Dr. Kunirum Osia of Washington DC is of the view that we need to discuss the making of a Nigerian policy center in Wisconsin. The report below is an eye-witness account by a.k.a. Acting Major Benbella.
Now it is not good for the Christian's health
To hustle the area in brown
For the Christian riles and the Aryan smiles
And weareth the Christian down
And the end of the fight
Is a tombstone white
With the name of the late deceased --
"A fool lies here
Who tried to hustle the East"
------- Rudyard Kipling
Those words from Kipling were what echoed in me through out the evening of Saturday, November 20th, 2004 where I witnessed the founding of the James O. Ibori Center for Policy Studies.
But what amazed me more and recollected Kipling from a memory file stored years ago when I was a honorable school boy was the brazeness of the intended objective that occasioned our gathering on this softly, cold winter evening. It was engineered and presented as a bestowment of honor on an able and effective, African statesman. It was a man in search of recognition and honor. This was the point that Kenn had made before in his response here. Ibori appeared to be seeking recognition for an audience that is far removed from the scene of its creation.
First, I laud the idea of a policy center that would through its research and considerable analyses, provide unfettered ideas and policies to government that are uncolored by prejudices. And I sincerely hope that the new center will live up to whatever innocent and honorable hope that girded it. But its birth was in my sublime and humble view, tainted with indecency.
The impression was created not so much by direct affirmation but through crafted nuances that the center was a product of the university of Wisconsin. The governor began his speech by thanking the "board of governors of the University of Wisconsin system" that was markedly absent. He further extended his salutations to this imaginary entity while reinforcing his humility and surprise at what he, well, here are his words:
"I must begin by thanking the director of the board of governors and all those concerned, especially the authorities of the University of Wisconsin system for considering me fit for the honor of a centre with focus on policy studies named after my humble self. I think it is a clear indication of your kind regard to my person and the views I espouse and stand for". Heavy stuff, wouldn't you say?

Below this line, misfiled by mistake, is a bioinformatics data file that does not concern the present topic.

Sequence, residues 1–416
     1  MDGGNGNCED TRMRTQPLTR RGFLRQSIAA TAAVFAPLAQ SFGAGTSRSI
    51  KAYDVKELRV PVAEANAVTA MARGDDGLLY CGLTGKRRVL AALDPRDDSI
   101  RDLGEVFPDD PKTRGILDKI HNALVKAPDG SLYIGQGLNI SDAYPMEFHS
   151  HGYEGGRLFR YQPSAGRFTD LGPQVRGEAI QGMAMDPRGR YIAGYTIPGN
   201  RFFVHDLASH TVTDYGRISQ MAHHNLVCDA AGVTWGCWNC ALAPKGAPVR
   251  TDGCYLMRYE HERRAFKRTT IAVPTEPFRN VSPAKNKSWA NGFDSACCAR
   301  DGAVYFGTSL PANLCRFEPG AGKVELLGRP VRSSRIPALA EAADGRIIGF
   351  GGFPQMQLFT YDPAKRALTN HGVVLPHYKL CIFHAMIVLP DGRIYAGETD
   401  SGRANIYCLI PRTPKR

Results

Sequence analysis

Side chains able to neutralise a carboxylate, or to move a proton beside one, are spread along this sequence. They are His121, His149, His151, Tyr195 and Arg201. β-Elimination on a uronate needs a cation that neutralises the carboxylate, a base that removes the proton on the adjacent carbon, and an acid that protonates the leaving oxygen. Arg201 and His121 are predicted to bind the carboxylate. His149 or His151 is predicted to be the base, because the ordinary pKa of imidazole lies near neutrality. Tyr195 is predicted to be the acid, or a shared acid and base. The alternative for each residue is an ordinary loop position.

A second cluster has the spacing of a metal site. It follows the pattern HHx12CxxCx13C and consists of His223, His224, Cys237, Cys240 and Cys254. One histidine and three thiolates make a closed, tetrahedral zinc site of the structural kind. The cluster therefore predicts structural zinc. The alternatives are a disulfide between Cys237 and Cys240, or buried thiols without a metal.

Well, this is an exaggeration. The center, as much as I have discovered, is a largely private endeavor that is in no way affiliated with the University of Wisconsin, an institute that I still maintain ties to. To the extent that any affiliation to this citadel of excellence can be alleged it is only within the confines that John Ifediora, the executive director of the center is a professor (of economics) at one of the colleges (Platteville) in the University of Wisconsin system. The University of Wisconsin system with its flagship institute in Madison is comprised of 16 or 17 universities scattered in different parts of this state of Scandenavian and German immigrants.
This reference, I am certain sounded hollow and probably suspect, to some of the people in the audience of whom they were many. They also came from all corners. Some said they came in from as far away as Alaska and others from Japan. But most were Nigerians. And they came from everywhere, including persons who were familiar and some who were faintly familiar from a life lived long ago in Nigeria. But I suspect you are more interested in other things than who was there. Like Ibori's speech.
It was a lengthy one. About ten pages of it. He spoke about his desires for Delta, Nigeria and Africa and testified that the Africa that he recognizes the most was not the present one of a continent steeped in misery and ill deluge but a historical one that was often at par and ahead of the rest of the world in education, learning, technology, etc. It was also an Africa, I think, that was mostly lost on the European audience.
He made many references to his interactions and talks with Thabo Mbeki of South Africa which after a while I thought were intended to solicit respectability by citing the company one keeps. But not once, did the name of the current president of Nigeria, Obasanjo come up.
Unfortunately, the event did not provide for audience questions. Instead, there were spent on speech making. There was also a professor from Plattevile, the same school as Mr. Ifediora's who spoke about the utilization of the wisconsin idea of moving ideas from the university into the community where they can be of use for Delta state and Nigeria. He mentioned also how the Ibori center can be structured to provide some of that linkage between ideas generated from the university to the people in Delta. There was a lady from Chicago University who spoke on her recent trip to Nigeria for research on health and the CEO of a company here that argued for the need for Nigeria to focus its investments in capacities that can enable foreign investments. He spoke about his trip to China with the Wisconsin governor to source business and how he wishes for the opportunity to visit Nigeria for such purpose.
Overall, I was happy to see the birth of this center though as I had noted I was troubled by its reference and connection to an alliance or bestowment that was not mostly fiction. I got to speak briefly with Ibori who appeared to me to be restrained and lacking in the hubris one often associates with Nigerian leaders. His commissioners, of which I there were as many as seven or nine appeared eager to source solutions to problems they often cited. I ended up spending most of the reception time discussing with them on ways that their needs can begin to be met.
At 11:30 PM we were invited to the governor's temporary residence at the Hilton to continue with the reception. I declined. I probably should have gone but it was past my bedtime.